Now, if the wicked man were to be saved by fire on account of his faith only, and if this is the way the statement of the blessed Paul should be understood--"But he himself shall be saved, yet so as by fire"--then faith without works would be sufficient to salvation. But then what the apostle James said would be false. And also false would be another statement of the same Paul himself: "Do not err," he says; "neither fornicators, nor idolaters, nor adulterers, nor the unmanly, nor homosexuals, nor thieves, nor the covetous, nor drunkards, nor revilers, nor extortioners, shall inherit the Kingdom of God." Now, if those who persist in such crimes as these are nevertheless saved by their faith in Christ, would they not then be in the Kingdom of God?
68. But, since these fully plain and most pertinent apostolic testimonies cannot be false, that one obscure saying about those who build on "the foundation, which is Christ, not gold, silver, and precious stones, but wood, hay, and stubble"--for it is about these it is said that they will be saved as by fire, not perishing on account of the saving worth of their foundation--such a statement must be interpreted so that it does not contradict these fully plain testimonies.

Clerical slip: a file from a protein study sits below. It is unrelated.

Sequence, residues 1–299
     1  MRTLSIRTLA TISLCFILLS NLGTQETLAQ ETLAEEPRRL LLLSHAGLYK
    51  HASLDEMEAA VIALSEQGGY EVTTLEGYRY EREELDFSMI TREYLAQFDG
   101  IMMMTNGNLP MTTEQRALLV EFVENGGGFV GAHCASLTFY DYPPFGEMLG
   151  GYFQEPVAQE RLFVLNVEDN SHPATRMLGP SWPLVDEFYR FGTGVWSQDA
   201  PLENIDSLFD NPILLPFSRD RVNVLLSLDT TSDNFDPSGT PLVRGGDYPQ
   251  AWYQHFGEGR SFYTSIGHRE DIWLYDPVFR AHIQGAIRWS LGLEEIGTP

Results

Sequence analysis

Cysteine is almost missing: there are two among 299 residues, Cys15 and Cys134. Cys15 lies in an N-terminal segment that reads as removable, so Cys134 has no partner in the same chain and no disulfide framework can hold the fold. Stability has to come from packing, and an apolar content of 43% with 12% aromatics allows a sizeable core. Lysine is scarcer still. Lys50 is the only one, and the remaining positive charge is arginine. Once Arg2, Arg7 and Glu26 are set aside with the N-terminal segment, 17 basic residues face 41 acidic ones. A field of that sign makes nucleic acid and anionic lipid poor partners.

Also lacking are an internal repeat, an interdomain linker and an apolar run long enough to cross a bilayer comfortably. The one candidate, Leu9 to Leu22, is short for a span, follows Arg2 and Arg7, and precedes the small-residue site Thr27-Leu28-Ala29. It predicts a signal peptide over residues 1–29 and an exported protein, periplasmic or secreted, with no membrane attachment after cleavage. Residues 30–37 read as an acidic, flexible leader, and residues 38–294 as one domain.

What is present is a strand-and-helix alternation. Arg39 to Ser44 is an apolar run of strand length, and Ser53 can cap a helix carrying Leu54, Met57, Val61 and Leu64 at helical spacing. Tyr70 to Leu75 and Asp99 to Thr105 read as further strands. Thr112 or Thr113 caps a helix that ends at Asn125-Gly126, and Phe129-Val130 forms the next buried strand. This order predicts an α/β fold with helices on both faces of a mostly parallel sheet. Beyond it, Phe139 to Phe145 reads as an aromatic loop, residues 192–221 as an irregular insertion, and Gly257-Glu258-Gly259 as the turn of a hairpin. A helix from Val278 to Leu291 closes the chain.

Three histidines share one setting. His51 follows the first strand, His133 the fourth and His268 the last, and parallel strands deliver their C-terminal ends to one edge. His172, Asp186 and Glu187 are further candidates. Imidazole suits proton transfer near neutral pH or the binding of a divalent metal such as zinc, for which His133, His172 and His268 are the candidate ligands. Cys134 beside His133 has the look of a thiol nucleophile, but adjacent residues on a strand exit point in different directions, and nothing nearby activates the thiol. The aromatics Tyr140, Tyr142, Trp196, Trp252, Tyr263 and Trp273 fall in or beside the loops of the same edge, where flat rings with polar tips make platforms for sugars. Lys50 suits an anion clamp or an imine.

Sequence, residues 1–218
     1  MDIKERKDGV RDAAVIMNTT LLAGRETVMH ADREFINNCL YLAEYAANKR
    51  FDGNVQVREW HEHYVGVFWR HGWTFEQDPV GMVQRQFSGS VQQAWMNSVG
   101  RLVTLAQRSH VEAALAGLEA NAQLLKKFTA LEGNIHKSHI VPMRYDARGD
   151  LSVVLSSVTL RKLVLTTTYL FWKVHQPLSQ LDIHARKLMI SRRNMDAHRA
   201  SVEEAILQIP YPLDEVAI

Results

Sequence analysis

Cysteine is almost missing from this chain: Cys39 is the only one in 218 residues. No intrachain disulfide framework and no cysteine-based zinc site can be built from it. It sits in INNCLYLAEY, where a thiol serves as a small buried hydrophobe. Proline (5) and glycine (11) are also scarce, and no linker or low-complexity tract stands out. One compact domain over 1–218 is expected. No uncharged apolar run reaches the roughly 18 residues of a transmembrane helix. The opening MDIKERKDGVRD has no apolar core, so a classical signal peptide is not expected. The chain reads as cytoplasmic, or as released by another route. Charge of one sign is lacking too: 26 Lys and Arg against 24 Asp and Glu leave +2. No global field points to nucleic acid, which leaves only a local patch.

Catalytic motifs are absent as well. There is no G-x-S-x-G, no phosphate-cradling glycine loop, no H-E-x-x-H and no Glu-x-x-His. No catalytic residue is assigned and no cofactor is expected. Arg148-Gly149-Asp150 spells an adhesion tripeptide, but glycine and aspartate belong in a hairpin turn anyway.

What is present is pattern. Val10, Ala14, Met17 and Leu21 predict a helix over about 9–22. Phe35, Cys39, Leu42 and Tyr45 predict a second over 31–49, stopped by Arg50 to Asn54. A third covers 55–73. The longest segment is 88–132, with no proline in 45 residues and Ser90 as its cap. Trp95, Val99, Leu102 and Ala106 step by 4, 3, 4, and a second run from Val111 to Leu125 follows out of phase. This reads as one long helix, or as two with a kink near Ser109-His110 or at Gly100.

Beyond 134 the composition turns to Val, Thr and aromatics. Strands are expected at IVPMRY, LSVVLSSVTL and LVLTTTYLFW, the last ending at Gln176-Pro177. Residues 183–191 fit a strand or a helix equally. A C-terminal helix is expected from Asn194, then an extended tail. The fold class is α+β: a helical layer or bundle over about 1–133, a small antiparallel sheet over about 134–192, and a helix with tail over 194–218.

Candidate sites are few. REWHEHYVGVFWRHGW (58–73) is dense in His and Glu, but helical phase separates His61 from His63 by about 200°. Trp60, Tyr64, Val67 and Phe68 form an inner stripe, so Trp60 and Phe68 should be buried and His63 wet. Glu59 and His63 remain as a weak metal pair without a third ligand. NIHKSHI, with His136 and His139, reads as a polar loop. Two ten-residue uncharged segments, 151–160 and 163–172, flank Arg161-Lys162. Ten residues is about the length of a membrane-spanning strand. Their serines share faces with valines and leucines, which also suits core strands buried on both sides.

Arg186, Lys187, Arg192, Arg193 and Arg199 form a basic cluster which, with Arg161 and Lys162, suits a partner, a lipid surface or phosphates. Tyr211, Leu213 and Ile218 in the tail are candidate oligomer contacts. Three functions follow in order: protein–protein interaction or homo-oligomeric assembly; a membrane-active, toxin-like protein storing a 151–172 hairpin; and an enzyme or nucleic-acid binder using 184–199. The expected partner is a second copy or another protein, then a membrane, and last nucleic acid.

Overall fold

In fact, wood and hay and stubble may be understood, without absurdity, to signify such an attachment to those worldly things--albeit legitimate in themselves--that one cannot suffer their loss without anguish in the soul. Now, when such anguish "burns," and Christ still holds his place as foundation in the heart--that is, if nothing is preferred to him and if the man whose anguish "burns" would still prefer to suffer loss of the things he greatly loves than to lose Christ--then one is saved, "by fire." But if, in time of testing, he should prefer to hold onto these temporal and worldly goods rather than to Christ, he does not have him as foundation--because he has put "things" in the first place--whereas in a building nothing comes before the foundations.
Now, this fire, of which the apostle speaks, should be understood as one through which both kinds of men must pass: that is, the man who builds with gold, silver, and precious stones on this foundation and also the man who builds with wood, hay, and stubble. For, when he had spoken of this, he added: "The fire shall try every man's work, of what sort it is. If any man's work abides which he has built thereupon, he shall receive a reward. If any man's work burns up, he shall suffer loss; but he himself shall be saved, yet so as by fire." Therefore the fire will test the work, not only of the one, but of both.